When you are traveling the interstate do you ever wonder where all of those trucks are coming from, and where they are going? No matter what time of day or night, no matter what part of the country, and, in almost all weather conditions, the highways and interstates of America are often crowded with large over the road trucks.
While you are wondering where all those trucks are coming from and going to, and possibly even wondering what they carry, an entire industry is instead concerned about the costs of the trucking industry. In fact, knowing how to audit your freight bills can mean the success or failure to many companies, both large and small, throughout the country.
And if analyzing data resulting from the audit your freight bills produced isn’t challenging enough, wait until to you try to factor in the environmental impact of those thousands of miles that are travelled on a yearly basis. Unfortunately, as of 2011 the transportation industry in this country was blamed for generating 28% of all carbon dioxide emissions in the U.S. As a result, in addition to determining how frequently you should audit your freight bills, manufacturers and production companies across the country also have to work with a transportation industry that is facing an enormous challenge. As they attempt to find ways to make over the road transportation costs more competitive, they are also working on both short and long term goals to lower carbon emissions and increase energy efficiency.
Fuel prices, an increasing number of green initiatives, and the constant challenge of finding qualified drivers makes the management of over the road trucking businesses both difficult and challenging. What once may have simply been a push to get drivers to keep accurate records of their time on the road tables and charts, has now become a national concern about what shipping industry can compete for the acknowledgement of making the smallest environmental footprint.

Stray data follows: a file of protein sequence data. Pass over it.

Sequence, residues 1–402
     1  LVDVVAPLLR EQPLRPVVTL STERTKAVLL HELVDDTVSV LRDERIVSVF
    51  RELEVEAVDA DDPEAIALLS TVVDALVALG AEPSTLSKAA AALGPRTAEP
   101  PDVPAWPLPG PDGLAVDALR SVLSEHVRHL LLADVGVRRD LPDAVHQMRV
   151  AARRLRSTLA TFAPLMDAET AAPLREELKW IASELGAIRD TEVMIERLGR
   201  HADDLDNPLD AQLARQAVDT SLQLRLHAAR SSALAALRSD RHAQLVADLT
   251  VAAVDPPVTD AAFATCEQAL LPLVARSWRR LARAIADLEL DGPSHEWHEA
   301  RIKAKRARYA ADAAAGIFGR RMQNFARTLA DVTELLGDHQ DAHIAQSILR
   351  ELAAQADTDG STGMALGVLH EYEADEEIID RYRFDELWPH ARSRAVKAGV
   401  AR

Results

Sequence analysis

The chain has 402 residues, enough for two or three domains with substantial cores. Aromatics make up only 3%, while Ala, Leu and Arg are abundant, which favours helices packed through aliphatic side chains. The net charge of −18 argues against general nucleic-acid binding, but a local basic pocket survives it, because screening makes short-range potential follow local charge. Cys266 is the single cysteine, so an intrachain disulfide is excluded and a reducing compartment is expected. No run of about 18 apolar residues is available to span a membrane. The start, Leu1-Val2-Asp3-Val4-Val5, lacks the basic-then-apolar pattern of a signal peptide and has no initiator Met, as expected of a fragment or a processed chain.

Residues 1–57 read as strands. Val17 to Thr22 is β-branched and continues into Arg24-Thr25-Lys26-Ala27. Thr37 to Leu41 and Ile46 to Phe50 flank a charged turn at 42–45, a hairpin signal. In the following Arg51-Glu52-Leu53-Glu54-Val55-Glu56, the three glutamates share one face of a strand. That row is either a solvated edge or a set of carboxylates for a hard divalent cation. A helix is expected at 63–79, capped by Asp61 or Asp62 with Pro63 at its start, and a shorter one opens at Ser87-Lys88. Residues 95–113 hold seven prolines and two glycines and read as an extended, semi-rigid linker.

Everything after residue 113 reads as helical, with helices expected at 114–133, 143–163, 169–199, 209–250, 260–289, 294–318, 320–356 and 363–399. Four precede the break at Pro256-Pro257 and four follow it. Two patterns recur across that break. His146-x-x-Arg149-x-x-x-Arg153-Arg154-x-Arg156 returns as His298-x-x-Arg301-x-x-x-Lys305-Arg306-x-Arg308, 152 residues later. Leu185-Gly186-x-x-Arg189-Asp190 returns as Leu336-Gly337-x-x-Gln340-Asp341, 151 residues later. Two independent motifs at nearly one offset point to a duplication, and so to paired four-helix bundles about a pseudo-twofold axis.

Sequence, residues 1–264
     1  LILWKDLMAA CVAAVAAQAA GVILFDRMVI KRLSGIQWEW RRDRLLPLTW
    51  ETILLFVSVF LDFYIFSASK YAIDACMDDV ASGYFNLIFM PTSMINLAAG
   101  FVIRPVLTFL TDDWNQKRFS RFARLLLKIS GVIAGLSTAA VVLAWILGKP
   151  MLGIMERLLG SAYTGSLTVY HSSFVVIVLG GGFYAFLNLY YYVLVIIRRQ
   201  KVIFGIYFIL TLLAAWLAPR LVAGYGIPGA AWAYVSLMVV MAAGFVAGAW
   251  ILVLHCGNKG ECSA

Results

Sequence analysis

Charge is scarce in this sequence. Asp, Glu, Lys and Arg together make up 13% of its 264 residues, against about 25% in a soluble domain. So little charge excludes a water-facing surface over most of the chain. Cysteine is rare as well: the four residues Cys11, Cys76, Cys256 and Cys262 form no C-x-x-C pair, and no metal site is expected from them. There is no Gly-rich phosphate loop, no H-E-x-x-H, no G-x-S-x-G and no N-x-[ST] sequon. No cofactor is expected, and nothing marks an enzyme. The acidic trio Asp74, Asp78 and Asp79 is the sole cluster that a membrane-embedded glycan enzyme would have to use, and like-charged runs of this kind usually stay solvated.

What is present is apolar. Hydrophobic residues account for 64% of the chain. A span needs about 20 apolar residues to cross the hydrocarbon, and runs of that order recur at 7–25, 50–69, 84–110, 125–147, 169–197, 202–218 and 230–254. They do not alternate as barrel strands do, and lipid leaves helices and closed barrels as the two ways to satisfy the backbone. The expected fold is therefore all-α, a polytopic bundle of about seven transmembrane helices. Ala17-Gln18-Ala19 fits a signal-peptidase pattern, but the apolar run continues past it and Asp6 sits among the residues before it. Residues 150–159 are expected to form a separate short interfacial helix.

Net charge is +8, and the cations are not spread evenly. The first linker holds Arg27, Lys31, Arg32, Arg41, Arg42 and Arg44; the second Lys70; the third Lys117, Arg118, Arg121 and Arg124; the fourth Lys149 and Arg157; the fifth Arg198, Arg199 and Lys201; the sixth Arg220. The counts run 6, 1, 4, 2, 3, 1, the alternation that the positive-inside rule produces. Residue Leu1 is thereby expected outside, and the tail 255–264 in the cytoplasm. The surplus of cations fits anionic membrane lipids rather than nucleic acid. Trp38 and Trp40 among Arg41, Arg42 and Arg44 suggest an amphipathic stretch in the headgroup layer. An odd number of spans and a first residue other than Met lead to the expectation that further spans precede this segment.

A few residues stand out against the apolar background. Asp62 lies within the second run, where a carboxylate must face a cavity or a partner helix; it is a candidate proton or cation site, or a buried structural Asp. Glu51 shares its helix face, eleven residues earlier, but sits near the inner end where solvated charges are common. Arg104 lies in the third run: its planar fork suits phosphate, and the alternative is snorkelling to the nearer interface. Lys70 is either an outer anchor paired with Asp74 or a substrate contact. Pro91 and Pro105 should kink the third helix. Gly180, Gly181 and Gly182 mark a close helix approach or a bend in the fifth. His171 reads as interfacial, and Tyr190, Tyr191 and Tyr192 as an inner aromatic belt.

Because shipping customers are always trying to show a profit in spite of these growing challenges, it should come as no surprise that almost 80% of all shippers overpay for their shipping prices. Comparing and contrasting shipping costs can be an overwhelming process. As a result, a number of the most cost efficient companies contract out their shipping selection choices.
The American transportation industry is one of the largest in the world. Its varied sectors range from the smallest taxis to single axel trucks, as well as large 18 wheelers. This industry also includes airplanes, trains, ships, barges, and even warehousing and logistics services. Because of its size, it is no wonder that it is nearly impossible for individual companies, let alone individuals, to audit and analyze shipping charges. Instead, doesn’t it make sense to find a company who can provide you with both constant and current shipping comparison charts and help you in your efforts to work toward controlling transportation costs?